Cheap soda has some trying to 'pop' addictive habit

Nick Stroman

Sometimes the cravings have been so bad, Carlos McDonald needs to get his fix two or three times a day.

McDonald said he has even resorted to calling friends and family to get rides to his dealer when he has to have a sip.

Like many Americans, McDonald is addicted to Polar Pops and is not looking for rehabilitation anytime soon.

Polar Pops are 32-ounce fountain drinks in Styrofoam containers sold at gas stations such as the BP in Morton.

The drinks can be filled to the brim with ice and caffeinated or decaf drinks and then refilled multiple times throughout the day — all for less than a buck each time.

In these days of consumer penny-pinching, Polar Pops are more popular than ever as people can dig spare change out of their cars to snag a refreshing drink.

Craig Testa, assistant manager of the Morton BP Fast & Fresh on North Morton Ave., said his station averages close to 100 Polar Pop sales a day.

“On Sunday, we sold 75 of them and that’s a slow day for us. We sold 140 one day last week and that’s pretty busy,” Testa said.

The price is right too for people pulling in for the tall refreshment.

The first cup is 69 cents, while refills cost 52 cents.

Testa said much of the station’s fountain drink business is based on repeat customers getting their caffeine fix throughout the work day.

“We have several people who work close to here who come in two or three times per day. It’s got to the point that if we have a lot of customers in here, we both know what the price is so they fill their cup, throw the money on the counter and leave,” Testa said.

Self-professed fountain Coke addict McDonald said it’s gotten to the point where his Polar Pop stops elicit a reaction much like the days of the classic TV show, “Cheers.”

“They know me by face and name now because I’ve come in so often over the years. I ask about their kids and they always ask how my family and I are doing. They always know I’m going to have a fountain Coke, too, so they’re usually ringing me up before I even reach the counter,” McDonald said.

Dr. Rob Richardson of Health Solutions in Morton said the type of dependency for caffeinated drinks usually starts in childhood.

“Soda itself is like a drug. You always want to go back to it and it creates a rush. The kola nut in there is a caffeine derivative and it creates a physical dependence for kids,” Richardson said.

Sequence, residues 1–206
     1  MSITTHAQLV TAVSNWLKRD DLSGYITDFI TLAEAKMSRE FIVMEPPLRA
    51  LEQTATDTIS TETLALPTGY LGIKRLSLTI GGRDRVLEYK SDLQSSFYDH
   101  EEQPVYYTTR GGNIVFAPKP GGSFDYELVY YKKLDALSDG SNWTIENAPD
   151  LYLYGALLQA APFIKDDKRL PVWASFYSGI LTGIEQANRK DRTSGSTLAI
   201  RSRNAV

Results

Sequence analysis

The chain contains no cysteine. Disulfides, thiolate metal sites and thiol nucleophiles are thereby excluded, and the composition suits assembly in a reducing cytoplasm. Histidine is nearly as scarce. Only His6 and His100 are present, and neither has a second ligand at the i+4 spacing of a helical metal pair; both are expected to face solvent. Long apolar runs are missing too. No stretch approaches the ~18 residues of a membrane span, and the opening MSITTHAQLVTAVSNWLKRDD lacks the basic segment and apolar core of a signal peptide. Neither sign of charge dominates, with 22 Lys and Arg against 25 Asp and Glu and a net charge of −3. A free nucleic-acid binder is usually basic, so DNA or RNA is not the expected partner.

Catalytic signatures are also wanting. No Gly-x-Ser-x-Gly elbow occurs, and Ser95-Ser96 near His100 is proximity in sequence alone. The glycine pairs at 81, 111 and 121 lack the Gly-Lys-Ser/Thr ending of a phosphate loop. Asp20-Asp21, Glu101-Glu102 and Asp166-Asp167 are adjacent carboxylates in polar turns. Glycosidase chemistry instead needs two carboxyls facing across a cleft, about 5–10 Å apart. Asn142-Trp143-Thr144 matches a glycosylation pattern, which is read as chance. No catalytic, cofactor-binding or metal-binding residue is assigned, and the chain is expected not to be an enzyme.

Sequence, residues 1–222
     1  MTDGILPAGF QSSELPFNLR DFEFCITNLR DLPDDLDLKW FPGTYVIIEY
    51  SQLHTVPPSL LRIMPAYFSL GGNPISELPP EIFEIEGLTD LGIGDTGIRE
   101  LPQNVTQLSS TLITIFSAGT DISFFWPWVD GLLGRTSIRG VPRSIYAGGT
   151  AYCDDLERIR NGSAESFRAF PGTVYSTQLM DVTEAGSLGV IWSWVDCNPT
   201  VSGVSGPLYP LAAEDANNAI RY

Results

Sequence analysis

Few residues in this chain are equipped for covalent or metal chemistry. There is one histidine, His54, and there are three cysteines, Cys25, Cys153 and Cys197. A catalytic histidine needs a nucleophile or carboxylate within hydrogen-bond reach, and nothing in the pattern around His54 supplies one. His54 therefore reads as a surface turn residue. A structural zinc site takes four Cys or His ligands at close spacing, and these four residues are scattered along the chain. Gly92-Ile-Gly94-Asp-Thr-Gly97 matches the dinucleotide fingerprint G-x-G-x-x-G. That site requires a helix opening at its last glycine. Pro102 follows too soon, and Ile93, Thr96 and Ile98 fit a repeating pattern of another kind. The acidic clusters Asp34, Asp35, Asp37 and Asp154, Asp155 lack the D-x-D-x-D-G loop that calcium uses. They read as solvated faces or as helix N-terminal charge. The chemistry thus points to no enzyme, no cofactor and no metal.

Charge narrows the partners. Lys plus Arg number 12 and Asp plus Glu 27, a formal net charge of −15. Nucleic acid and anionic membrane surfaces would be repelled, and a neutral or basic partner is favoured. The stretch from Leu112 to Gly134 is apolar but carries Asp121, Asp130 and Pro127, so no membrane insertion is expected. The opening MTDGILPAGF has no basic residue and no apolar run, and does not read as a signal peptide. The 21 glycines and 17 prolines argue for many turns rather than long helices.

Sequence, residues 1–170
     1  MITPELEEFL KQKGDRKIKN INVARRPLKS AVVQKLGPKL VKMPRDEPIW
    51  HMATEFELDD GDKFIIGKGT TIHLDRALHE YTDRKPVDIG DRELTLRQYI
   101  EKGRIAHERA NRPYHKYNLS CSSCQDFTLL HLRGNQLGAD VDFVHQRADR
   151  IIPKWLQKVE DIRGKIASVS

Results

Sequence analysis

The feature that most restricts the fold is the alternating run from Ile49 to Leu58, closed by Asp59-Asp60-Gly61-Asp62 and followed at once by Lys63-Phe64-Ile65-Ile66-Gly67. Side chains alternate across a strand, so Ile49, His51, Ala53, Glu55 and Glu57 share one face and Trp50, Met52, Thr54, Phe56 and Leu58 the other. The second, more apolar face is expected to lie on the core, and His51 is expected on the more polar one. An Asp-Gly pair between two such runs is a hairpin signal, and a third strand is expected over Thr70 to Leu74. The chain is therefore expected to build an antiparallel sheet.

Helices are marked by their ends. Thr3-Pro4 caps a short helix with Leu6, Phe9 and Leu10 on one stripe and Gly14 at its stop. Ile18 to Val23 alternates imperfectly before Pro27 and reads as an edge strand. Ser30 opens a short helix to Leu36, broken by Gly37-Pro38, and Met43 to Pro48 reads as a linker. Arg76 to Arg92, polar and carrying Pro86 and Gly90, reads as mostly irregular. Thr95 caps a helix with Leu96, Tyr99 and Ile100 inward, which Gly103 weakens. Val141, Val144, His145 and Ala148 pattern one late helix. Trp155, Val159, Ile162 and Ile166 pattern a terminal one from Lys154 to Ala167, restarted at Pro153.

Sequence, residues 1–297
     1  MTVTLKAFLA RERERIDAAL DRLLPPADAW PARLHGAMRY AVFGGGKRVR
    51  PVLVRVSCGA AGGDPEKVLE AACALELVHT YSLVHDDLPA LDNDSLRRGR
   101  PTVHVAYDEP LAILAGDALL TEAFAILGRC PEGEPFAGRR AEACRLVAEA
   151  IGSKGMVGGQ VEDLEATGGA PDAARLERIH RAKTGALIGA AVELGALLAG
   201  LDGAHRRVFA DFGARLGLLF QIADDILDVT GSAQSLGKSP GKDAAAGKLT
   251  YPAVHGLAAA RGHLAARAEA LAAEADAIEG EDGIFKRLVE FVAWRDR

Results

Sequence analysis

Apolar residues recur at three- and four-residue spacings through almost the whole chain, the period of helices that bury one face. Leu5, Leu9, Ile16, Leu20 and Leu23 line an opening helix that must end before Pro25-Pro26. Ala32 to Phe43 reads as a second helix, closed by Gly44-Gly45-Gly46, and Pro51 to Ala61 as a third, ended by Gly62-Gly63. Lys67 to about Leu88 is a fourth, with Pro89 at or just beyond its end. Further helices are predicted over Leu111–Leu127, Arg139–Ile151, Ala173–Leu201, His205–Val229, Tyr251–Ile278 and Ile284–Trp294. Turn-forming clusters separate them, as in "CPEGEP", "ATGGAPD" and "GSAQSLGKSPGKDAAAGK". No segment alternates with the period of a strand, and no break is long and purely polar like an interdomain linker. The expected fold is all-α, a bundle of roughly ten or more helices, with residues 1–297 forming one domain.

Richardson said soda consumption is detrimental because it contains phosphoric acid, which leeches calcium from the bone and can lead to osteoporosis.

“I’m seeing high school kids in my office who have been pounding back the sodas for years. Then, they get involved with athletics or lifting weights and the bone has demineralized itself so it leads to compression fractures. You can’t fix it, but you can help it,” Richardson said.

Effects can also be seen well into adulthood, as Richardson said fractured hips or hip replacements take effect in a person’s 40s to 60s.

“Phosphoric acid also helps neutralize the acid in your stomach and nutritionally affects digestion and the vitamins you are eating. Also not a positive,” Richardson added.

For the multiple visitors to the fountain drink station, Richardson said they are more likely to become diabetic, gain weight and age faster.

“It’s medically proven that anything with heavy amounts of sugar will lead you to age faster. The synthetic sweeteners can even mimic Parkinson’s Disease, epileptic seizures or lead to tumors and emotional disorders,” Richardson said.

“There are so many things you can rattle off with caffeine consumption effects, too. Insomnia, high blood pressure, vitamin depletion, birth defects,” the doctor added.

McDonald admits he has trouble sleeping most nights and has a history of high blood pressure.

He also realizes his combination of caffeine and smoking might be the cause of the health troubles.

“I’ve tried to cut back on both now. I used to have to have Coke right when I woke up and then again mid-afternoon and always right before bed. It’s getting better,” McDonald said.

“I still go to the gas station every day, but now sometimes I mix it up and get Sprite instead when I think I can do without the caffeine. That’s probably not much better is it?” McDonald asked.